, View Comment (1)

Women In The Law

February 23rd, 2016 / By

During three years of law school, I learned the law from only one female professor. But she was a gem: the future Justice Ruth Bader Ginsburg. After graduation, I had the honor of clerking for then-Judge Ginsburg on the Court of Appeals for the District of Columbia Circuit. The following year, I clerked for an equally admirable woman in law, Justice Sandra Day O’Connor.

Justices Ginsburg and O’Connor faced stiff sexism throughout their careers. Even when they ascended to the Supreme Court, their gender could diminish them. I heard one lawyer address the Court as “your honors and Mrs. O’Connor.” Other advocates confused Ginsburg and O’Connor, despite their different jurisprudence and physical appearance.

Entering the law a generation after these pioneers, I faced much lower barriers–although women of my generation still struggled to prove their value in the workplace and to combine work and family. Today’s women, another generation forward, face a somewhat more hospitable workplace. But I don’t kid myself that the playing field is level: glass ceilings, hidden biases, and workplace stereotypes still hinder women in the legal workplace. Both men and women, meanwhile, struggle to combine a demanding professional career with a supportive home life.

Against that background, I’m delighted to announce that LST Radio is creating a podcast mini-series that will explore the ongoing role of gender in the legal workplace. Episodes will address implicit bias, the leaky pipeline, media images of female lawyers, and much more. Podcasts will include summaries of expert research, interviews with individuals, and round table discussions.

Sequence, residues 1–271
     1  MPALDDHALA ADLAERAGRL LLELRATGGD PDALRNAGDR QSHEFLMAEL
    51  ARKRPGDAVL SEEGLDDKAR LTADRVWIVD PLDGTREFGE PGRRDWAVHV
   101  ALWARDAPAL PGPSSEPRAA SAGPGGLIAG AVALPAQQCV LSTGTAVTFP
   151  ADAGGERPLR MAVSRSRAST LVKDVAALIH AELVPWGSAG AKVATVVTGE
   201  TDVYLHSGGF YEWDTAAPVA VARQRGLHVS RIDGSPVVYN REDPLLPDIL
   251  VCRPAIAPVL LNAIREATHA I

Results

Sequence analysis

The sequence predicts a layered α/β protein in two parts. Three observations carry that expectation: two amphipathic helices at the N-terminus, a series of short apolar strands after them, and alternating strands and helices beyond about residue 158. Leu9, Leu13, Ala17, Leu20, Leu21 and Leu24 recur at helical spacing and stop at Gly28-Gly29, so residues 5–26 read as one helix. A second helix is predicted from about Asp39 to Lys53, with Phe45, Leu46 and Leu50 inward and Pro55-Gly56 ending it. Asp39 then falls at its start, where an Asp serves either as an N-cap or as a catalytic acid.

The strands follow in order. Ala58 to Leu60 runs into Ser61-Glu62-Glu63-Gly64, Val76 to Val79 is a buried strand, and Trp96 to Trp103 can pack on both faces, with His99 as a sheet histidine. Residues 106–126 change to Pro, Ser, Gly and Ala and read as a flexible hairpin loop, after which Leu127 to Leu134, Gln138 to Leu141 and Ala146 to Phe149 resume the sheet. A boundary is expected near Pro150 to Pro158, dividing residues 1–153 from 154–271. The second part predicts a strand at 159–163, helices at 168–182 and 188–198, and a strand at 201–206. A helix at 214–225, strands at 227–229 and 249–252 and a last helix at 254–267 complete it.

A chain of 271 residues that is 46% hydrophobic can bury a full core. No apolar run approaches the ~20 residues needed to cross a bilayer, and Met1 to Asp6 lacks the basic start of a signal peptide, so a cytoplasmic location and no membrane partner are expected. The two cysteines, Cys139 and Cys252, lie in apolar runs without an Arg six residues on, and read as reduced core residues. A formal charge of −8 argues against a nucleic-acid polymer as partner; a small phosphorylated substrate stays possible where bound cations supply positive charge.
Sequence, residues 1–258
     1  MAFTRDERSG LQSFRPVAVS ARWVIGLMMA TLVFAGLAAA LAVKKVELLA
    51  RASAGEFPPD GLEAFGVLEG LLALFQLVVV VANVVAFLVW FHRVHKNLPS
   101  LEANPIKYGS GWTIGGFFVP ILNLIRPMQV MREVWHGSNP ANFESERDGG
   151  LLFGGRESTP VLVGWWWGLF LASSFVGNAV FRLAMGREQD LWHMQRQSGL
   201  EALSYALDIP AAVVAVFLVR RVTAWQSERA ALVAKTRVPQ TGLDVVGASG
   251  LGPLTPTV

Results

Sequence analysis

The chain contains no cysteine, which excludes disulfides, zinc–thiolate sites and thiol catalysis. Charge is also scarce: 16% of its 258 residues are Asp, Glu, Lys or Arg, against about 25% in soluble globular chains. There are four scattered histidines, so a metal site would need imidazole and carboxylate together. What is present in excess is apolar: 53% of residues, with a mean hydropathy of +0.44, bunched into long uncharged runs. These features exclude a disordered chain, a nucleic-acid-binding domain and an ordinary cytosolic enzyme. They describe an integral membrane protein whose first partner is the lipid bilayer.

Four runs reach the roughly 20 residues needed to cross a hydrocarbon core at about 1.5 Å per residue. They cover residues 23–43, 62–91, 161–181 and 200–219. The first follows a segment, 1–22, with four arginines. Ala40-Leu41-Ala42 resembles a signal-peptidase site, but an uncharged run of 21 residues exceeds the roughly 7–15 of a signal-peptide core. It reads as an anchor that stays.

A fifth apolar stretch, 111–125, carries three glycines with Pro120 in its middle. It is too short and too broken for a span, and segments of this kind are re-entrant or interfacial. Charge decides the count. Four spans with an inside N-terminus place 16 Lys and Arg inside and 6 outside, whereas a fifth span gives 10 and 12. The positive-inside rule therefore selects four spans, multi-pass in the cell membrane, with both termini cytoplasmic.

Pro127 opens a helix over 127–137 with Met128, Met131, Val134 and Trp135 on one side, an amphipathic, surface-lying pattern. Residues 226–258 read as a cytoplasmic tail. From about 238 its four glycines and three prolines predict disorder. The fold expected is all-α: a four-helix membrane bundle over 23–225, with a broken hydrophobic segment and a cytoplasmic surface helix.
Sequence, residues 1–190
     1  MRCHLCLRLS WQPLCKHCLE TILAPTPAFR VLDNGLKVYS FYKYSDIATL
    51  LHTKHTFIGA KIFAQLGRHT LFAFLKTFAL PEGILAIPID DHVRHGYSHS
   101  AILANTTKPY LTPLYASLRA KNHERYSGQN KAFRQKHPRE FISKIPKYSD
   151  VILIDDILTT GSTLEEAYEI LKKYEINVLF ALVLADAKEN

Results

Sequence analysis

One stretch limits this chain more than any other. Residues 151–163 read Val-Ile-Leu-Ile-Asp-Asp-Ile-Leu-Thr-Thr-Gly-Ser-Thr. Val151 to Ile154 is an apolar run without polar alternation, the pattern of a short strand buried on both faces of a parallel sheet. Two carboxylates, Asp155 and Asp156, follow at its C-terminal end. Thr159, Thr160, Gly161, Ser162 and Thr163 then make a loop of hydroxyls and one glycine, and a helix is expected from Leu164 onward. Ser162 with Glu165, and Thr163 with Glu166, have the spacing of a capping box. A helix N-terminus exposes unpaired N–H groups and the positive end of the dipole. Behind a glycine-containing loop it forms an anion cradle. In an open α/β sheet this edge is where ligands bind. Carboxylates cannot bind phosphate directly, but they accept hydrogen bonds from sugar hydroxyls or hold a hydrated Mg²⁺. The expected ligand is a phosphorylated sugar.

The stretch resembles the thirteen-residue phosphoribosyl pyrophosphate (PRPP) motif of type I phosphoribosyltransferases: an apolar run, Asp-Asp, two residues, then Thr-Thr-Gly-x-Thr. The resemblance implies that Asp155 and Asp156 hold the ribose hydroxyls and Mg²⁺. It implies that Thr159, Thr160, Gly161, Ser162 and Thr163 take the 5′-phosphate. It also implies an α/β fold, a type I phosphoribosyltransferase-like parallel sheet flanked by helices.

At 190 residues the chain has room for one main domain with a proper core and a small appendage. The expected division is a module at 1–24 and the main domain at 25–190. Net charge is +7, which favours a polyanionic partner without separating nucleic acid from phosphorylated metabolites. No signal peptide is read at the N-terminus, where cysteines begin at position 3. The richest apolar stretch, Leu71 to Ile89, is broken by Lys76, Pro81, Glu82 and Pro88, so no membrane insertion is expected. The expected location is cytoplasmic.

LST has assembled a first-rate team of producers, as well as partners who will distribute the podcasts widely. But to go into production, they need some start-up funds. Diversity Law has made a generous matching pledge: If you donate to the “Women in the Law” podcast project now, your dollars count double. Give $10 and the project receives $20. Give $25 and $50 goes in the pot. I’ve already made my pledge–please add your dollars here.

Let’s make sure we understand the forces that still hold women lawyers back–and work to overcome them.

, No Comments Yet

About Law School Cafe

Cafe Manager & Co-Moderator
Deborah J. Merritt

Cafe Designer & Co-Moderator
Kyle McEntee

ABA Journal Blawg 100 HonoreeLaw School Cafe is a resource for anyone interested in changes in legal education and the legal profession.

Around the Cafe

Subscribe

Enter your email address to receive notifications of new posts by email.

Categories

Recent Comments

Recent Posts

Monthly Archives

Participate

Have something you think our audience would like to hear about? Interested in writing one or more guest posts? Send an email to the cafe manager at merritt52@gmail.com. We are interested in publishing posts from practitioners, students, faculty, and industry professionals.

Past and Present Guests